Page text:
Coupling is the transfer of energy that occurs in the space between the heating portion of the coil and the workpiece. So, coupling distance refers to the space needed to balance efficiency and manufacturing requirements.Generally, distance increases with the diameter of the part, typical values being 0.75, 1.25, and 1.75 inches (19, 32 and 44 mm) or billet-stock diameters of approximately 1.5, 4 and 6 inches (38, 102, and 152 mm), respectively.
When the length of the coil exceeds 4x to 8x its diameter, uniform heating at high power densities becomes difficult. In these instances, single-turn or multiple-turn coils that scan the length of the workpiece are often preferable.
Three main factors impact your induction coil’s optimal coupling distance:
Type of Heating
Type of Material (ferrous vs nonferrous)
Type of Frequency & Handling
1. Type of Heating
In static surface heating, in which the part can be rotated but is not moved through the coil, a coupling distance of 0.060 inch (0.15 cm) from part to coil is recommended.
For progressive heating or scanning, a coupling distance of 0.075 inch (0.19 cm) is usually necessary to allow for variations in workpiece straightness.
A fine-pitch, multiple-turn coil closely coupled to the workpiece develops a very uniform heating pattern.
Similar uniformity can be achieved by opening up the coupling between the part and the coil so that the magnetic flux pattern intersecting the heated area is more uniform. However, this also decreases energy transfer.
Where low heating rates are required, as in through-heating for forging, this is acceptable. When high heating rates are needed, it’s best to maintain close coupling. The pitch of the coil should be opened to prevent overloading of the generator.
2. Type of Material
For through-heating of magnetic materials, multiple-turn inductors and slow power transfer are utilized. Coupling distances can be looser in these cases — on the order of 0.25 to 0.38 inch (0.64 to 0.95 cm).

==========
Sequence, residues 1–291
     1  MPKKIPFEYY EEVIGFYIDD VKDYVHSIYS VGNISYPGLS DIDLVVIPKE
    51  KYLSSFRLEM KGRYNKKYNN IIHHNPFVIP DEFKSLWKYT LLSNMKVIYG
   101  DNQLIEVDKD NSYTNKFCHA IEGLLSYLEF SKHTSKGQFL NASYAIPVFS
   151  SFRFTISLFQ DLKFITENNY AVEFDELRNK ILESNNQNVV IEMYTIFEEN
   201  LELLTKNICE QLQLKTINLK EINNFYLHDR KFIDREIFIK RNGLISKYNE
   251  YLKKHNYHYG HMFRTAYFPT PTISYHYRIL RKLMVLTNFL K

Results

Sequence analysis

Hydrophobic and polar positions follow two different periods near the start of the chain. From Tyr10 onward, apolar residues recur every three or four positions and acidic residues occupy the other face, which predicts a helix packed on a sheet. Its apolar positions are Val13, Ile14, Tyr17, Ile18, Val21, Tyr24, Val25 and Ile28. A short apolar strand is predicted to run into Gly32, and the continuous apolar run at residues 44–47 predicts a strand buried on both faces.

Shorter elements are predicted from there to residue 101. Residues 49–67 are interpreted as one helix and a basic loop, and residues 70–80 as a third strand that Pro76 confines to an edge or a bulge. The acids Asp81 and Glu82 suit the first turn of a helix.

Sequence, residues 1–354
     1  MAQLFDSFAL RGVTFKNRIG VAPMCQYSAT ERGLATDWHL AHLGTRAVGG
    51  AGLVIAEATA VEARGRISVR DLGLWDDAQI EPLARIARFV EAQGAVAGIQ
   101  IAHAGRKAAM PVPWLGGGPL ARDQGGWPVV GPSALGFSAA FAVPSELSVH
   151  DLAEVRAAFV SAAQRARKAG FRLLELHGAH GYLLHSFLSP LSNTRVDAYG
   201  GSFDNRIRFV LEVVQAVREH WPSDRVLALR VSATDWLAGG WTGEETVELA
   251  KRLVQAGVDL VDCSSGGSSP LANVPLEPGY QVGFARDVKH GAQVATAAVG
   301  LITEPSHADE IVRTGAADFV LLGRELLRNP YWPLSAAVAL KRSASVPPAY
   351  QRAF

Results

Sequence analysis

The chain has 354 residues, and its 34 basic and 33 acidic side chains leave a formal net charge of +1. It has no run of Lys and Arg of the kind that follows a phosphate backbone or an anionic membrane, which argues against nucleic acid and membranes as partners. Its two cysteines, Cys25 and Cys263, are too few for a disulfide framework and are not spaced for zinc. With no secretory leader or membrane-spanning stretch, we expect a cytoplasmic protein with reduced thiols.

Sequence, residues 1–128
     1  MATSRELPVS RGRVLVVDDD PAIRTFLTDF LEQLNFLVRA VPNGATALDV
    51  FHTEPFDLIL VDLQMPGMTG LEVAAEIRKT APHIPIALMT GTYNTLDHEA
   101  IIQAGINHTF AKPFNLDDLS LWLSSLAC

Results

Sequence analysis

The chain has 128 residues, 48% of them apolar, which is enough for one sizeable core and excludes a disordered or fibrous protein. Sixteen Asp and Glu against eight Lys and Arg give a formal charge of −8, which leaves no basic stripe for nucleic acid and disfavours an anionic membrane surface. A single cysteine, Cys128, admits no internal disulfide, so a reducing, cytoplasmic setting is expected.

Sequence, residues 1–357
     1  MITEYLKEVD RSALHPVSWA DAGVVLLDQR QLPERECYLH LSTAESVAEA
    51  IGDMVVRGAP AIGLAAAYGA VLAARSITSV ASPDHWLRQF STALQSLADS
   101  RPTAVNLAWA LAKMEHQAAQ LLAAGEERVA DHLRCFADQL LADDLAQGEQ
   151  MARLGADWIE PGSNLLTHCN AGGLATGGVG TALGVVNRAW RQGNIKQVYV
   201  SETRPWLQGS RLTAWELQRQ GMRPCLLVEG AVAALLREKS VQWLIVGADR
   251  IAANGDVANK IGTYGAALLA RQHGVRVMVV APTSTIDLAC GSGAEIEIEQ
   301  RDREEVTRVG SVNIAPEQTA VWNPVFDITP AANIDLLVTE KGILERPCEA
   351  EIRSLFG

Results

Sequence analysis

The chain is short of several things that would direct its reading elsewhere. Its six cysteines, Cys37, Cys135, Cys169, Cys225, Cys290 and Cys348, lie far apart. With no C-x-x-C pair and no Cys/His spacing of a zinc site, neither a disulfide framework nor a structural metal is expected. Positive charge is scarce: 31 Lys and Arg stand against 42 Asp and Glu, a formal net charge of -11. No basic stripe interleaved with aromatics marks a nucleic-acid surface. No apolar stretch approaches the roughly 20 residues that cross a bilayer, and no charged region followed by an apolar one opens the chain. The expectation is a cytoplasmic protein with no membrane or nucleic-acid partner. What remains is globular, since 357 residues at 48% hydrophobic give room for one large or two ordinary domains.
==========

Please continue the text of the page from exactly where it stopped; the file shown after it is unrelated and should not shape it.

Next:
3. Type of Frequency & Handling
It is important to remember, however, that process conditions and handling dictate coupling. If parts are not straight, coupling must decrease.
At high frequencies, coil currents are lower and coupling must be increased. With low and medium frequencies, coil currents are considerably higher and decreased coupling can provide mechanical handling advantages.
In general, where automated systems are used, coil coupling should be looser. The coupling distances given above are primarily for heat treating applications in which close coupling is required.
In most cases, the distance increases with the diameter of the part, typical values being 0.75, 1.25, and 1.75 inches (19, 32 and 44 mm) or billet-stock diameters of approximately 1.5, 4 and 6 inches (38, 102, and 152 mm), respectively.
Improving coupling efficiency
Efficiency of coupling between the windings is inversely proportional to the square of distance between them.
Coil efficiency is the energy delivered to the coil that is transferred to the workpiece. This is NOT the same as overall system efficiency.
Typically, helical coils used to heat round workpieces have the highest values of coil efficiency. Internal coils have the lowest values.
It is important to note that, with the exception of the pancake and internal coils, the heated part is always in the center of the flux field. Regardless of the part contour, the most efficient coils are essentially modifications of the standard, round coil.
A conveyor or channel coil, for example, can be looked at as a rectangular coil whose ends are bent to form “bridges” in order to permit parts to pass through on a continuous basis. The parts, however, always remain “inside” the channels where the flux is concentrated.
Areas to be hardened are beside the center of the coil turns, and thus are kept in the area of heaviest flux.
When a wide heating zone is to be produced on the part, coupling over a greater area can be accomplished through the addition of a liner to the coil turn, or more ampere turns can also be produced with a multiple-turn channel inductor.
Channel-coil liners may also be configured to produce specialized heating patterns where greater heat densities are required in specific areas.